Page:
State Secrets and Security Threats: How Israel Will Handle its Newest Prisoner

Former Prime Minister Ehud Olmert speaks to press at the Jerusalem Supreme Court on December 29, 2015. Photo by Noam Moskowitz/POOL
Former Prime Minister Ehud Olmert speaks to press at the Israel Supreme Court in Yerushalayim on Tuesday. (Noam Moskowitz/POOL)


When he enters prison in February, former Prime Minister Ehud Olmert will serve his time in a special section of Maasiyahu Prison reserved for “prisoners under threat.” As a former prime minister Olmert had access to important state secrets, according to prison officials – which means that he needs to be protected from threats that could arise, not just for his own sake, but for the security of all Israelis.

Although there are no known outstanding threats to the health or welfare of Olmert, that area of the prison is also used to hold politically sensitive prisoners, who for various reasons prison officials feel would not mix well with the general population.

In a statement Tuesday, the Prisons Service said that Olmert would join about 20 other prisoners who are held under slightly better conditions than other prisoners. Olmert’s cell, for example, will be 4.5 meters square, compared to about 3 meters square for others. Olmert will have no more than two roommates, while “normal” cells usually hold five or six prisoners. In addition, each cell has its own restroom and shower facilities, as opposed to the general facilities that serve dozens of prisoners in other sections of the prison.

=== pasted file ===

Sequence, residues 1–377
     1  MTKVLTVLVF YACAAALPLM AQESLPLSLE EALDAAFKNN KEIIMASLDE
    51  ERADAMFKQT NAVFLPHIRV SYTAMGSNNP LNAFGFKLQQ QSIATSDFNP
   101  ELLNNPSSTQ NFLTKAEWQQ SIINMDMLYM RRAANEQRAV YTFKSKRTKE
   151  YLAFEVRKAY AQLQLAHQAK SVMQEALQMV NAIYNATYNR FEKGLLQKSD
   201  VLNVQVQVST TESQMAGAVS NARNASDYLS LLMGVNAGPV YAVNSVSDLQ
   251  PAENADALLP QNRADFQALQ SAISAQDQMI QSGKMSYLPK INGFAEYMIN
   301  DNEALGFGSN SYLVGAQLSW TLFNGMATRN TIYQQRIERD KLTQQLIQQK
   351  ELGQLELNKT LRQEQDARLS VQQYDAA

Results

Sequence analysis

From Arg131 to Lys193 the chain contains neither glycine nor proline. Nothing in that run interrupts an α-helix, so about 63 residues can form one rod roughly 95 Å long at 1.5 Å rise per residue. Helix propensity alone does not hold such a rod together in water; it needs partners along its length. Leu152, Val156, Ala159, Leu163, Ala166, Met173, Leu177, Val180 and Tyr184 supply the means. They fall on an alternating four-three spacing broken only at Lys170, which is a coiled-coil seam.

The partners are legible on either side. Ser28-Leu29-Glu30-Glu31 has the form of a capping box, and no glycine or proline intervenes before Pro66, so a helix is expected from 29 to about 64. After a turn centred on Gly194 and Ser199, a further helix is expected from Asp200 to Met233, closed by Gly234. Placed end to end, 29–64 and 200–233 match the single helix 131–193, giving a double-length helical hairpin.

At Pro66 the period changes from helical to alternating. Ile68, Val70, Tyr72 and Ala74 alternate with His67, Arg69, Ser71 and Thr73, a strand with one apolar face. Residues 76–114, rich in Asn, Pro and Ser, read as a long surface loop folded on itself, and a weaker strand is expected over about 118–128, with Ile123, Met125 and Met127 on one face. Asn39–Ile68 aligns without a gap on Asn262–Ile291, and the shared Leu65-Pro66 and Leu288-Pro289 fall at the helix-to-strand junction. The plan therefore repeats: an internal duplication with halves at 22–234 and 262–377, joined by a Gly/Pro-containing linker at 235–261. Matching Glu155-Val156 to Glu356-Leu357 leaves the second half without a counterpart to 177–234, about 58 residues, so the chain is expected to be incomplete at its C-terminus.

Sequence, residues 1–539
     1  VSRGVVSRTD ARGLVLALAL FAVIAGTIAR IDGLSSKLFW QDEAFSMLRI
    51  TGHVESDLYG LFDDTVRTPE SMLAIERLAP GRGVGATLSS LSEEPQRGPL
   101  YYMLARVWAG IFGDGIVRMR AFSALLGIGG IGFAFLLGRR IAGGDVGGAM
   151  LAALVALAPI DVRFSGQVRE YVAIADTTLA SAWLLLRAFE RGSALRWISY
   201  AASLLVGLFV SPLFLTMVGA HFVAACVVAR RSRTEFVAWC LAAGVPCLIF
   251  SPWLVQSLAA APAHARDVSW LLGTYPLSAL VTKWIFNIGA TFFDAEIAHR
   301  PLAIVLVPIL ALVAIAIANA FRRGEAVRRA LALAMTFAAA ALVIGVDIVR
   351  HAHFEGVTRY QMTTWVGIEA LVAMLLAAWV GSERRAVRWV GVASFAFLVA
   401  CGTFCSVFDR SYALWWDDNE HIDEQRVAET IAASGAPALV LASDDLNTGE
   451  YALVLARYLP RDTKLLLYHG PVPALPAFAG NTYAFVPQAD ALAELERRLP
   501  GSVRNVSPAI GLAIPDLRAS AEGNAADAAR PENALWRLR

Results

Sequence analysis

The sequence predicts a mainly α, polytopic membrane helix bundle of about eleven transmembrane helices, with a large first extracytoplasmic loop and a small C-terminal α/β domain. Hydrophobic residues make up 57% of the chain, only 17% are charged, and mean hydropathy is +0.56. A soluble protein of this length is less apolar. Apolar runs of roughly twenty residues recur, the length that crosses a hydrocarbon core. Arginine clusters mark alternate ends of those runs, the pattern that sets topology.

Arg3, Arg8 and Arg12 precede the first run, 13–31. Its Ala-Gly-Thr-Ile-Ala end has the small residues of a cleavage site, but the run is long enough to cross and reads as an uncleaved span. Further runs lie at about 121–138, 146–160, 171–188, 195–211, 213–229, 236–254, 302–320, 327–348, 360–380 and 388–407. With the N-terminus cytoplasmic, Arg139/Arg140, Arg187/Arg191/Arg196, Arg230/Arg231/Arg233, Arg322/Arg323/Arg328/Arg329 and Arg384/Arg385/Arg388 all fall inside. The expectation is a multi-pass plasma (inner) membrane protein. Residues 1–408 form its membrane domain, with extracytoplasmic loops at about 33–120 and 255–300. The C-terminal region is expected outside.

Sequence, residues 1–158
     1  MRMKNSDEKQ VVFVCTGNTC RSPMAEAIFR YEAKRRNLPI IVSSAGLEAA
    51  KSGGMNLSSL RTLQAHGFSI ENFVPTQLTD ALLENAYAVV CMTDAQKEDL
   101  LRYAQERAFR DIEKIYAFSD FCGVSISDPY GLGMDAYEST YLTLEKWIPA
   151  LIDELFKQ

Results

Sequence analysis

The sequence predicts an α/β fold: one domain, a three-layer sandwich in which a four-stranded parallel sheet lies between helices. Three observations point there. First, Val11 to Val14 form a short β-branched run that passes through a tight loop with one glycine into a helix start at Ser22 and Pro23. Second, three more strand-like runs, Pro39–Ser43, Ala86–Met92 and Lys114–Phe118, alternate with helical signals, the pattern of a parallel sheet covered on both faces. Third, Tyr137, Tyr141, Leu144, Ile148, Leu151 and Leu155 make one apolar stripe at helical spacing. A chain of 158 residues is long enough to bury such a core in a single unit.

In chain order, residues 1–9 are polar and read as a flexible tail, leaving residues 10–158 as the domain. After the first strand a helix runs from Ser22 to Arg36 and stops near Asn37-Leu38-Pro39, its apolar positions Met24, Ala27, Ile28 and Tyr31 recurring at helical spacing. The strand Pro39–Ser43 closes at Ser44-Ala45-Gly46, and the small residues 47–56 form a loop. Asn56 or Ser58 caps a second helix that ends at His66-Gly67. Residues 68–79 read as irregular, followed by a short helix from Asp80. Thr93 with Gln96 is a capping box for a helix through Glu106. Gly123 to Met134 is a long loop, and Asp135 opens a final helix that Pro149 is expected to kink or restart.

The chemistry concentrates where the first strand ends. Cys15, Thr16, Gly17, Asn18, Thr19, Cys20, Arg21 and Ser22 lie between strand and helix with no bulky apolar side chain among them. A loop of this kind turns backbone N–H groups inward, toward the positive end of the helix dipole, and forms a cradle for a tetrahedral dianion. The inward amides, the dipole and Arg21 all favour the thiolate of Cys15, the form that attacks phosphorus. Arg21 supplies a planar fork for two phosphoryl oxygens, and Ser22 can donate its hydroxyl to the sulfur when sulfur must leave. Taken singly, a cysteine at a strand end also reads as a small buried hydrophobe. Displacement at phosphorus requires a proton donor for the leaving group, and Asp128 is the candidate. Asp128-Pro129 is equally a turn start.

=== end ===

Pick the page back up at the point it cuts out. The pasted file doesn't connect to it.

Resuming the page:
If Olmert does have any roommates, the officials said, they will be vetted for security purposes, to ensure that they have no connection with any individual or organization that could use state secrets in any negative manner.

There are a number of similar prisoners at Maasiyahu, sources in the Prisons Service said – among them former police officers, as well as senior members of the security establishment, whose arrest, conviction and imprisonment have never been publicized. Officials said that the Prisons Service unfortunately had plenty of experience with security-sensitive prisoners, but of course never before with a former prime minister, whose access to state secrets is likely to trump those of any other prisoner Olmert might come into contact with.

In its final word on the case, the High Court ruled Tuesday on an appeal of the six individuals convicted in the Holyland apartment project case, sentencing Olmert to eighteen months in prison. The sentence was a substantial reduction from the six years Olmert had originally been sentenced to serve.

Olmert and several others were convicted of their roles in illegally approving the large Holyland apartment project in the Malchah neighborhood of Yerushalayim. The project required extensive changes to zoning laws, and according to prosecutors, the defendants were involved in various schemes and conspiracies to accept money from contractors and other interested parties to change or bend rules, or to look aside as others did.


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